A schoolwide positive referral/ticket system was also developed to reinforce desirable behavior. On each of these tickets was listed: (a) the five expectations for the school, (b) a blank for the student's name, and (c) a blank for the teacher's name. Teachers and other school staff were encouraged to "catch" students engaging in one or more behaviors related to the five expectations and to issue a positive referral ticket for the student's desirable behavior. Teachers were also asked to check off which one of the five universal expectations the student had demonstrated. Each student who was awarded a positive ticket would then place the ticket in a box in the main school office. By the end of the school year, separate boxes were arranged for each of the three grades so that each day there was a lucky winner from each grade. At the beginning of each day the vice-principal pulled tickets from each of the three boxes. Over the school's intercom system she called out the student's name, stated which universal expectation the student had followed appropriately, and asked the student to come to the office. Teachers reported that a "Price is Right" effect occurred; that is, students cheered for one another as they were called to "come on down" to the office.

Once the three students, one from each grade, reached the office, the vice-principal took their pictures, escorted them to a display case where they selected a prize, and then mounted their pictures with a statement of what expectation(s) they had followed. Students in the building passed this display case daily on their way to lunch.

Teachers reported this procedure has resulted in

* More positive interactions between them and their students.

* A sense of accomplishment in noting the reductions in office discipline referrals when reviewing the schoolwide data.

* A perception on the part of students in special education that they are "a normal part of the school" when they are acknowledged for engaging in a universal expectation (Edmonson, 2000).

Having described how universal support was implemented schoolwide at Central, we will turn our attention to Jeremy and examine how universal support impacted him.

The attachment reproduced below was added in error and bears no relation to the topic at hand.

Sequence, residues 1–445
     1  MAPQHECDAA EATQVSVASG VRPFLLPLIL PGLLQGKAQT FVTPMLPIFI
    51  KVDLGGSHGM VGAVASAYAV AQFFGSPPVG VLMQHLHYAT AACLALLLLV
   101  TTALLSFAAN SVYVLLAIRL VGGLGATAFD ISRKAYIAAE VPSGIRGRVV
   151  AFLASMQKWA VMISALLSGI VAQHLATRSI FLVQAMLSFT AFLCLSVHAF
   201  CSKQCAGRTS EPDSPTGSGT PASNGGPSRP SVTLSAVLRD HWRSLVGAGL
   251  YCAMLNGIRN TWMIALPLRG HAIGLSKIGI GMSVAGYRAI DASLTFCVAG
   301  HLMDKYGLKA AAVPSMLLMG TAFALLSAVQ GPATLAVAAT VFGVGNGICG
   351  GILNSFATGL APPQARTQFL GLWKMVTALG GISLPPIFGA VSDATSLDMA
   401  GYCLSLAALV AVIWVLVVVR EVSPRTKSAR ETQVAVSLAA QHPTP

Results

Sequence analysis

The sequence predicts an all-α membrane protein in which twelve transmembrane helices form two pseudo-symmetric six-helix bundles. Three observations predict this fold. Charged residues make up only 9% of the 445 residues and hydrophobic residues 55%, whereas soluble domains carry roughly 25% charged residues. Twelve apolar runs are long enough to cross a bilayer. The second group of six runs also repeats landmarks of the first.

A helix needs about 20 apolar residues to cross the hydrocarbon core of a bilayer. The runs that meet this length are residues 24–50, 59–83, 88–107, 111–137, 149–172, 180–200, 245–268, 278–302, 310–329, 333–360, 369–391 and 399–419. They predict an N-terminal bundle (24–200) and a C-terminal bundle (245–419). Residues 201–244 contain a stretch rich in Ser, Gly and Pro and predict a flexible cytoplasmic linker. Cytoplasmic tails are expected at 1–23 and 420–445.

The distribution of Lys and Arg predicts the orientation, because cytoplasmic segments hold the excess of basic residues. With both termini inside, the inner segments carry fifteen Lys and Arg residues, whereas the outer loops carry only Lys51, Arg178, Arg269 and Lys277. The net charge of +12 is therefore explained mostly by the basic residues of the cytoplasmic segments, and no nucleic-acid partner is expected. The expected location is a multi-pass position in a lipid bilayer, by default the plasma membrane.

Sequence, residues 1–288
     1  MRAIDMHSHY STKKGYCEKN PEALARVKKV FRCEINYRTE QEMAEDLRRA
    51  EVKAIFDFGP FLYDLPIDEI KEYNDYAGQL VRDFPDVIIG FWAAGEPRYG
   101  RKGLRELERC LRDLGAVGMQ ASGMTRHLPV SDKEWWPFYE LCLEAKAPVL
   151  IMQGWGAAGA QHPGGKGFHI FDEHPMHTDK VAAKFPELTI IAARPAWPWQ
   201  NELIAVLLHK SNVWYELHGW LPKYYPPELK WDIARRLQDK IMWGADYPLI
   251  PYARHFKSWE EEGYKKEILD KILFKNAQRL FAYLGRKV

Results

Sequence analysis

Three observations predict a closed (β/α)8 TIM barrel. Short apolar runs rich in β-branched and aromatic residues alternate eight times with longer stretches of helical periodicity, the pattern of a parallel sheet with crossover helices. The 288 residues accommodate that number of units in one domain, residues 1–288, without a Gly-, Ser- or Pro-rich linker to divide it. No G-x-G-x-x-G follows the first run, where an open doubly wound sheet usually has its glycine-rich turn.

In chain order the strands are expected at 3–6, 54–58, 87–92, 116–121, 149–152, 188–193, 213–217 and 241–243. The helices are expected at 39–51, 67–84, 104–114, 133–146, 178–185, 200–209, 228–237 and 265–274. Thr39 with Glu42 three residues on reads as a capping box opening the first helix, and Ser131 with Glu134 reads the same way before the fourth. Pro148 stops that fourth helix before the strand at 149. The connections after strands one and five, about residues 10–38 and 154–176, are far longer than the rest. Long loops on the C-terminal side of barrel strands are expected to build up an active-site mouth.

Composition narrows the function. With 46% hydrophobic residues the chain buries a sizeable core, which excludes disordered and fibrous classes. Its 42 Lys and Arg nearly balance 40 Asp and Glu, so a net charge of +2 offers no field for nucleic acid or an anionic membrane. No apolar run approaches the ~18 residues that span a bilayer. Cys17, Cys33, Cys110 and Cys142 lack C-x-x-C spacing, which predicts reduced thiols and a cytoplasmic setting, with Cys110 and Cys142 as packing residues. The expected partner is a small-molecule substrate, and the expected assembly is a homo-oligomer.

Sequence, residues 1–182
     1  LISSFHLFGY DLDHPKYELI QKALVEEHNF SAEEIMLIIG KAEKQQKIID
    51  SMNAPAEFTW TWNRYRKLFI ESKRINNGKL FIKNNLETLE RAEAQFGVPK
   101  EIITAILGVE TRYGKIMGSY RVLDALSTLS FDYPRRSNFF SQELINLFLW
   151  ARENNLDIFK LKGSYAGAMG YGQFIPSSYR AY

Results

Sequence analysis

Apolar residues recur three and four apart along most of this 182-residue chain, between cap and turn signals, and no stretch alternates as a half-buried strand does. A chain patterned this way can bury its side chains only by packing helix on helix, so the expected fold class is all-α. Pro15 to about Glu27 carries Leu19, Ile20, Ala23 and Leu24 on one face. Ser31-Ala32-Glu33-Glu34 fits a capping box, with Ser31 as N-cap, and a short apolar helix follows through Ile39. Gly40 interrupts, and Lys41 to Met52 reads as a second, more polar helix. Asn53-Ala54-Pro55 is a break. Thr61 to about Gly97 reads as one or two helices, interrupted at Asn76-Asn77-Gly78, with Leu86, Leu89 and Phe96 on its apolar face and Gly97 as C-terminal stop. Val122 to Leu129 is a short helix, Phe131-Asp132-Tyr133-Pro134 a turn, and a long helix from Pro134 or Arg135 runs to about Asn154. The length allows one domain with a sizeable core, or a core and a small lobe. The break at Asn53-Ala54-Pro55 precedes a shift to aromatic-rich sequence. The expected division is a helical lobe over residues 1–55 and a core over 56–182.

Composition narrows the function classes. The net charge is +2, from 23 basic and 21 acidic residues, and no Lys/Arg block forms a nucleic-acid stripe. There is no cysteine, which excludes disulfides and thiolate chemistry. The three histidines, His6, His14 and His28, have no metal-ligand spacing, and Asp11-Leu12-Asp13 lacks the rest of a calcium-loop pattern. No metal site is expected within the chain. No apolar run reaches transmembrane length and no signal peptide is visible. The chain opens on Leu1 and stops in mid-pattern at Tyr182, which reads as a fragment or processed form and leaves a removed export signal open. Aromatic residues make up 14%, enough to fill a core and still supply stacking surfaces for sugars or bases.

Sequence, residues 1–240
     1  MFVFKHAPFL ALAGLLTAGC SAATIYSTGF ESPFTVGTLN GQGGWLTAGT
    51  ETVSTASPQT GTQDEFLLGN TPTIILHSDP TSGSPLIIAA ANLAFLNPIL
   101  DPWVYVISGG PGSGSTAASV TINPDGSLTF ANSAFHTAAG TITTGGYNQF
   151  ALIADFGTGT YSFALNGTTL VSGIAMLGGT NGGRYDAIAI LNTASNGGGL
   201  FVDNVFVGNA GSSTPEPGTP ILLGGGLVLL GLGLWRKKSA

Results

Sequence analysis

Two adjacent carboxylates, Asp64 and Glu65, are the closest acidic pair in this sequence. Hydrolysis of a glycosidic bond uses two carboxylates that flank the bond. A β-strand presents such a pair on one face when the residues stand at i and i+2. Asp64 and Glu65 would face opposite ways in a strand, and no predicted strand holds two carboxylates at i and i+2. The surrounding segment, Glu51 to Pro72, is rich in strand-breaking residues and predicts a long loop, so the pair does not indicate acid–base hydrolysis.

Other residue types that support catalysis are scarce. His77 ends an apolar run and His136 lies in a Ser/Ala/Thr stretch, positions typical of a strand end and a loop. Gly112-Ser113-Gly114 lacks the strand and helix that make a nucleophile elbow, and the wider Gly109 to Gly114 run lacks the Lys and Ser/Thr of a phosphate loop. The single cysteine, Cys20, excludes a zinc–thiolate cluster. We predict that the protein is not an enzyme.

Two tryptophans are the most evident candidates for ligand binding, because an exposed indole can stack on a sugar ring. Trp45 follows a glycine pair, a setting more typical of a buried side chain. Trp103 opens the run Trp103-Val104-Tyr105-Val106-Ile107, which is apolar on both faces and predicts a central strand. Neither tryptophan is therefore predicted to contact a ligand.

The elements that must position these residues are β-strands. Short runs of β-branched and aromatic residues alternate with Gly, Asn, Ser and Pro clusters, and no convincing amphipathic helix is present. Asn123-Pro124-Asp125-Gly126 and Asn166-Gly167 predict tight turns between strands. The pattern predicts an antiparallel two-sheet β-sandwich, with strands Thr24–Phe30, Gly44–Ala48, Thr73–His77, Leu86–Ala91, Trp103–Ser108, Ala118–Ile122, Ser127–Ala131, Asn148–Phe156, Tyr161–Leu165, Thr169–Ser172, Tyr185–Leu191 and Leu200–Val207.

Teaching universal expectations addressed Jeremy's need for a more structured environment where expectations for his behavior were (a) the same as for other students, (b) clearly communicated in writing, and (c) verbally taught and reinforced by teachers and staff in all settings and environments. Jeremy's three major problem behaviors (inappropriate touching or grabbing; loud and disruptive talk-outs; and off-task behaviors) reflect nonexemplars of three of the five Central expectations, respectively, as follows: (a) being safe, (b) being respectful, and (c) being ready to learn. Instruction at the level of universal support most certainly increased Jeremy's access to adult attention in multiple settings for engaging in behaviors that were exemplars of one or more of Central's five universal expectations.

Perhaps the clearest evidence that Jeremy derived substantial benefit from universal support was that he began to read aloud from the omni-posted "Five Steps to Success" signs, making statements such as "I am being cooperative," or "I have my pencil. I am ready to learn." Functionally, Jeremy appeared to incorporate the five universal expectations as rules to guide his own behavior and then self-monitor his own exemplars or nonexemplars of these five behaviors--all without any additional support required from teachers beyond acknowledging and praising him occasionally.